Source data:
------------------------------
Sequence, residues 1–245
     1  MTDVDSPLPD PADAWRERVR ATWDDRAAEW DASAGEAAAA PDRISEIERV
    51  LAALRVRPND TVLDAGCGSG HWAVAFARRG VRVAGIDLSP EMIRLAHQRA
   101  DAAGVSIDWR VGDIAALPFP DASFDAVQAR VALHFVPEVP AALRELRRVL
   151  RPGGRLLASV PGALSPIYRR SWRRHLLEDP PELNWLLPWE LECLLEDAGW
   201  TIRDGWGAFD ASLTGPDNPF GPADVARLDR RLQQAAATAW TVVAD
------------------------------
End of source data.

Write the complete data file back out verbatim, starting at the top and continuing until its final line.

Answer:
Sequence, residues 1–245
     1  MTDVDSPLPD PADAWRERVR ATWDDRAAEW DASAGEAAAA PDRISEIERV
    51  LAALRVRPND TVLDAGCGSG HWAVAFARRG VRVAGIDLSP EMIRLAHQRA
   101  DAAGVSIDWR VGDIAALPFP DASFDAVQAR VALHFVPEVP AALRELRRVL
   151  RPGGRLLASV PGALSPIYRR SWRRHLLEDP PELNWLLPWE LECLLEDAGW
   201  TIRDGWGAFD ASLTGPDNPF GPADVARLDR RLQQAAATAW TVVAD